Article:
Someone else wants to move in – tenancy agreement?

by Readers Question

11:52 AM, 22nd August 2014
About 4 years ago

Someone else wants to move in – tenancy agreement?

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Someone else wants to move in – tenancy agreement?

I have 2 existing tenants on an AST let in one of my properties. The tenancy runs on a 12 month contract basis and is due to end on February 6th 2015.  Someone else wants to move in - tenancy agreement

The present tenants are currently 6 weeks behind in their rent and have written to me explaining some temporary money difficulties. However, they have also said  they have a friend who would like to move to live with them and subject to references etc the target date would be September 21st.

Now just putting the complications of rent arrears aside for as moment, where do I stand and should I agree for an additional tenancy, BUT with only less then 5 months remaining for the original tenancy. That would of course include the added (new) tenancy.

Are there any key issues and/or legal factos that I must look out for in such situations? For example, can any new and added tenant say ‘you can’t ask me to leave only after 5 months into a tenancy agreement.

For the record, it is most likely that I will be issuing a section 21 (if not section 8 depending..) as per normal in early December, 2 months before the expiry of the 12 month agreement.

My concern here is the new tenant that I might take on next month.

Thanks

Saul



Comments

Mark Alexander

11:54 AM, 22nd August 2014
About 4 years ago

Have you considered granting your tenants permission to take in a lodger?

Subject to referencing and them getting the lodger to sign a lodgers agreement with your tenants which is approved by you of course.
.

saul jacob

13:30 PM, 22nd August 2014
About 4 years ago

Mark,
No I have not even come close to that. There seem to be several possible options however I do of course need to make sure I do not get a smart riposte from any of my tenants when it is time for all of them to leave at my behest. I'll look into it - many thanks,

Farah Stehrenberger

14:25 PM, 22nd August 2014
About 4 years ago

Hi Saul
If the new tenant is going to share all the facilities, you could grant your existing tenants right to sub let under a license, not a tenancy agreement.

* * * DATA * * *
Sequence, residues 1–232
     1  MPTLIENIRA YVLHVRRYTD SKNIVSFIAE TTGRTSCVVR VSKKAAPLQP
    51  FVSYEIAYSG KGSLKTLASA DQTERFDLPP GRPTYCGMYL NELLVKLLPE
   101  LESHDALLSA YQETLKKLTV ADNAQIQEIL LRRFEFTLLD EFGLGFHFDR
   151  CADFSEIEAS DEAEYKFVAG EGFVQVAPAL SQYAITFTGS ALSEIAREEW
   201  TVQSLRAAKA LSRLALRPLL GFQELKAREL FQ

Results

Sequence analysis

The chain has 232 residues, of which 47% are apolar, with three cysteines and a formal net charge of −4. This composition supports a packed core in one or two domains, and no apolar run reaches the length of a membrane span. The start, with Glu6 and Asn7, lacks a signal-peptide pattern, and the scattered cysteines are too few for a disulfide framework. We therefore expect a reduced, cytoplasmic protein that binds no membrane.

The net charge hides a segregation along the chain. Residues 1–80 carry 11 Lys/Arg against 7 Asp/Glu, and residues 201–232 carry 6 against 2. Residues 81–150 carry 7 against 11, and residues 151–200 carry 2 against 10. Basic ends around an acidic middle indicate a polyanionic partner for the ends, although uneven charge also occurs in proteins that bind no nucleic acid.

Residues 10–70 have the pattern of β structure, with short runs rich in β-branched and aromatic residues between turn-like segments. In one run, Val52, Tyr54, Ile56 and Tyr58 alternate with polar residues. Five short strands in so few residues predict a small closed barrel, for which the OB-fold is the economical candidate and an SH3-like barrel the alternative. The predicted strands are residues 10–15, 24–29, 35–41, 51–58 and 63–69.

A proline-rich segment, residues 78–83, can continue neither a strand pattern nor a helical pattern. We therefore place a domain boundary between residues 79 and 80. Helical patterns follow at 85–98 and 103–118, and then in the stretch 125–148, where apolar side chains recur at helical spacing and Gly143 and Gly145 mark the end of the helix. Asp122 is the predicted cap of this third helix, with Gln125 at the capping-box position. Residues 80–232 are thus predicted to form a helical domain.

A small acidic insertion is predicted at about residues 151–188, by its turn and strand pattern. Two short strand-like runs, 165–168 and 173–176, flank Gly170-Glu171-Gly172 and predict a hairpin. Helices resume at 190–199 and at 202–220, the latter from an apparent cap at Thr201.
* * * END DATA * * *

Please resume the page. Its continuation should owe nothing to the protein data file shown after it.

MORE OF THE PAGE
Ideal option would be:
Not to agree to a new tenant (lodger), your tenants are in 6 weeks arrears, I would wait for a couple of weeks and issue proceedings under s. 8 asap.

Mark Alexander

14:40 PM, 22nd August 2014
About 4 years ago

I didn't mention this before because Saul asked us to disregard the rent arrears.

However, it may be possible to serve section 8 now, this depends on how the arrears have accrued.

If the tenants have missed the last two monthly rent payments then they were technically two months into arrears one month and one day after the first missed payment.

Farah and I are definitely both on the same page with regards to issuing a licence. Please make sure the licence is issued by the tenants, not the landlord, otherwise the Courts will interpret the licence as a tenancy on the basis that the landlord does not live in the property or provide services such as changing bed linen and towels, food and other cleaning services. A lodger agreement is a form of licence.
.

saul jacob

8:27 AM, 23rd August 2014
About 4 years ago

Thank you again. As the possible addition to my property would ideally like to move in late September, any agreement would be totally dependant on the full rent arrears being paid up - they would be 2 months behind from September 7th.
My real goal here is damage limitation. They will need to leave either on the expiry of their tenancy, or possibly well before that.

Recardo Knights

10:52 AM, 24th August 2014
About 4 years ago

Hi Saul
Go with your gut feeling with the existing tenants, if you feel they are messing you around let them know unless the arrears are made up an eviction notice will be served. Make it clear the problems that will cause with a new tenancy elsewhere, as no decent landlord reference and possible CCJ will effect their credit.

If they seem to be honest people but on hard times give them permission to take the logger or loggers. The extra income to them will allow them to pay the arrears and stay ahead.

If eviction notice still has to be served later the new lodgers may want to take out a tenancy with you so no void period.

I recently had a similar experience, a couple had parted ways and the staying tenant asked to let someone else replace the leaving partner. He was not in arrears but with one income his budget was stretched I suggested his mate should be a lodger as the tenant had moved on to a periodic tenancy.

His mate moved in 5 months ago he knows he can leave at any time with no problems. The tenant can meet the rental easily as it is shared, and is responsible for the lodger (as I hold the damage deposit), and I am happy that the tenant is still on a periodic tenancy.
If the tenant decides to leave in the future I will ask if the lodger wishes to take over the tenancy as I now know him I person.


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